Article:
Jane is one of the unsung heroines of the Erlang story. She was the first entrepreneur to recognise that having a better programming technology gave commercial advantages that could be turned into money.
Jane was the first entrepreneur to recognise the commercial value of Erlang and form a new company that would eventually earn over USD 100 million from Erlang.
In 1998, in those heady days before the great IT crash, we formed Bluetail. Bluetail had a strong technical core, composed of the techies who had made Erlang, and Jane. Jane knew all sorts of things like how to start a company, how to raise venture capital, how to write a contract, how to sell software. Things that we knew nothing about.
We knew how to do do techie things like how to write compilers, make databases, make fault-tolerant systems - but not how to turn these ideas into money.
In 2000 we sold Bluetail to Alteon Web Systems for USD 152 million. You can read more about this here.
Since Bluetail, Jane has been involved with eight new companies but she is still looking for ways to exploit Erlang.
Every year we hold the annual "Erlang conference" - people come from all over the world to talk about Erlang. Jane always comes.
"It's a funny thing," Jane said,
"at last year's user conference there were two entrepreneurs - that's a doubling - I used to be all alone."
Let's hope this year's conferences doubles the last one as well... and if we can keep up world domination is close, very close.
On the subject of entrepreneur, and Erlang...
I'm a entrepreneur, and like Jane I'm trying to build a new company with some pretty big ambitions. Erlang seems a perfect fit for parts of our infrastructure, but here's my problem: where do I hook up with some Erlang 'hackers' willing to work on a start-up? Any advice on this?
We're located in Copenhagen, Denmark close to the Erlang 'source' :), but we can't find any Erlang people in Denmark. It's very frustrating! Do you know if there are any universities who teach Erlang as part of their curriculum?
I hope you can shed some light on this issue, and help us harvest the great potential of Erlang.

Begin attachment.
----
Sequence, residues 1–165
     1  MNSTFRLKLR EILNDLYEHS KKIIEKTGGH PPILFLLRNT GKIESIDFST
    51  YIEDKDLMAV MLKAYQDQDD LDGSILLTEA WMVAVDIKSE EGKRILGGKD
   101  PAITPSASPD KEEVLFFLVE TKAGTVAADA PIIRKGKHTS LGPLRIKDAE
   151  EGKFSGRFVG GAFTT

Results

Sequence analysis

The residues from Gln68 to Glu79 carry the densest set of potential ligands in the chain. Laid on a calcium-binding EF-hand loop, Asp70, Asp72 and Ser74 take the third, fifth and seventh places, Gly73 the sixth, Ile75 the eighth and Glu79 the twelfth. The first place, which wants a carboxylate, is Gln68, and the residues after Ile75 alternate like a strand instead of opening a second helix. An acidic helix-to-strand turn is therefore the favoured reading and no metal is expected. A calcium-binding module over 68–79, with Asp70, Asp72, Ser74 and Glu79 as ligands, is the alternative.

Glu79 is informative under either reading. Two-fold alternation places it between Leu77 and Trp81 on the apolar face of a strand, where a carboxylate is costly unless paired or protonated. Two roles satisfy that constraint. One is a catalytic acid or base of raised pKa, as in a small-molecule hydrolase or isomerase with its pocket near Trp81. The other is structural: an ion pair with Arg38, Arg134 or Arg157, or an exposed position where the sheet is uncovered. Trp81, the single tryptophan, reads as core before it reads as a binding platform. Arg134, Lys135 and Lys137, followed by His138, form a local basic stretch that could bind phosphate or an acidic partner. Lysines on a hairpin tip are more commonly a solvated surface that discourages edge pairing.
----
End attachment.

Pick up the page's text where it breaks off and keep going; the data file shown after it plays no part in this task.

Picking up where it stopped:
If you send me your email adress
I can reply privately to your comment.
You might like to try posting a job ad to the Erlang list, (or here :-)
Also you might like to come to the Erlang conference, and meet some of the users (and Venture Capitalists!)
I recently started as a developer for a small company doing database programming. I chose Common Lisp for similar reasons. I'm the only developer and functional programming allows me to do better work. You can focus on expressibility and correctness better in functional programming languages with garbage collection.
Having learned common lisp, I believe my next language to learn will be erlang.
We are a small software company located in Farum, Denmark who are developing in Erlang. We have been doing this for the last 3 years and not regretted a single day.
Please contact me if you think we can help you in any way.
Michael Arnoldus (mu.dk)
Tlf. +45 3369 1399
She was the first entrepreneur to recognise that having a better programming technology gave commercial advantages that could be turned into money.
I believe that honor goes to John Backus, who used precisely that argument in 1952 to convince IBM to fund the development of FORTRAN in 1953 for the IBM 704, though there may be someone earlier about whom I do not know. That machine was big iron aimed at bean counters; if the end of the argument wasn't "... which is why it makes you money," FORTRAN would never have existed.
There is some reasonable argument that the statement is actually about syntactic expressiveness, at which point it can be attributed to Euler, in a rant about the shortsightedness of industrialists with regards to education in symbolic logic. Again, there may be someone earlier of whom I am unaware.
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